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A troubling trail of malpractice settlements


There are doctors who just shouldn’t practice

I can’t be the only one who’s read the front-page Spotlight series on Dr. Yvon Baribeau (“A Famous Surgeon, A Trail Of Secrets And Death,” Sept. 7; “A Crisis Of Conscience, With Lives At stake ,” September 8) and thought of the 2021 docudrama “Dr. Death,” which told the true story of Dr. Christopher Duntsch, a Dallas neurosurgeon serving a life sentence following injuries to more than 30 patients and the death of two.

Contrast that with Catholic Medical Center CEO Alex Walker’s appalling statement that he would “absolutely” rehire Baribeau if his skills were up to date. It seems that the bottom line – profit – is the primary consideration.

Maxine Dolle


Patients and families need to feel comfortable with physician errors

I read with interest the story of the New Hampshire doctor who “settled 21 medical malpractice claims related to his work” at the Catholic Medical Center, “including 14 in which he is accused of having contributed to the death of a patient”. Patients and families need to feel comfortable with the mistakes of their own physicians.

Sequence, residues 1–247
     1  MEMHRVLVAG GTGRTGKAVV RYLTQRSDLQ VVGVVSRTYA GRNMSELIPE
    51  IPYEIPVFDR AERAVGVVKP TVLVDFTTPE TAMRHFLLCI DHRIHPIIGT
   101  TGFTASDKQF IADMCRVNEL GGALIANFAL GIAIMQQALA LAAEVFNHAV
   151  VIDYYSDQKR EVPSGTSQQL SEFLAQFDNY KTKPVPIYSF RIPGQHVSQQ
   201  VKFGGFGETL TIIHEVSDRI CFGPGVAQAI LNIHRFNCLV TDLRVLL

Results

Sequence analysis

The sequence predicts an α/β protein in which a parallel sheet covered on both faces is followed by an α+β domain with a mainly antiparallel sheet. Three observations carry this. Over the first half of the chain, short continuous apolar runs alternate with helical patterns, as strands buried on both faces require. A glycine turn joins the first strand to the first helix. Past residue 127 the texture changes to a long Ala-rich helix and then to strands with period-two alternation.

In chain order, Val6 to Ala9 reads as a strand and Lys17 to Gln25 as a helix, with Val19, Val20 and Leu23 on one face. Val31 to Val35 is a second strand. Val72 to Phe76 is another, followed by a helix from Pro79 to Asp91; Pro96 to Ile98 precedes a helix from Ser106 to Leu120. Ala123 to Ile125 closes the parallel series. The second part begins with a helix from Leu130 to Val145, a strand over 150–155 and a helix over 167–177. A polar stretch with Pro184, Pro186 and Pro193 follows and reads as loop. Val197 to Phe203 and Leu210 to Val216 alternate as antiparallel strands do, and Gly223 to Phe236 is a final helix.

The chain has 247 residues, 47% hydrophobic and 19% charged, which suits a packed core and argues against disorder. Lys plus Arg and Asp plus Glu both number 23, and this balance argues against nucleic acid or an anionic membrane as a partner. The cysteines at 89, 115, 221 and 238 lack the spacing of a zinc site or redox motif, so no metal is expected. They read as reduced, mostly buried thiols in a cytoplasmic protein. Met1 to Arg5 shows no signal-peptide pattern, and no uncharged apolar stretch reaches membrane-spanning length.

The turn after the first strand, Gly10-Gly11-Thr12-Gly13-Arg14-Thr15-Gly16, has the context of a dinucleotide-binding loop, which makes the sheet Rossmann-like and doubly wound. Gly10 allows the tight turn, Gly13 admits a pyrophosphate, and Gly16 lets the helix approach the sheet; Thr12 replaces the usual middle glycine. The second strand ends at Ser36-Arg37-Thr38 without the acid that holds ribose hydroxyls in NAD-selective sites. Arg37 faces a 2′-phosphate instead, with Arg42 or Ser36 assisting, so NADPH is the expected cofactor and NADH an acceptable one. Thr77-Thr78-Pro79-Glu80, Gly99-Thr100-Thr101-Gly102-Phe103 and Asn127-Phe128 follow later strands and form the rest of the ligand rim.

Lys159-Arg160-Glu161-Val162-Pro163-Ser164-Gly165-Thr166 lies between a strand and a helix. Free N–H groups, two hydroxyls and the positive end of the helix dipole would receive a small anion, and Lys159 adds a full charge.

Recently, the life of a loved one was dramatically shortened due to what I consider malpractice. Am I angry? You bet. Will my loved one file a complaint? Probably not. Why? Because he says his doctor is “a nice guy.”

This attitude must stop. Would you accept this kind of error from your accountant, your lawyer, your mechanic or your plumber?

Why do we tolerate physician errors and let them go unreported?

J. Hallisey

Jamaica plain

The author is a primary care nurse practitioner.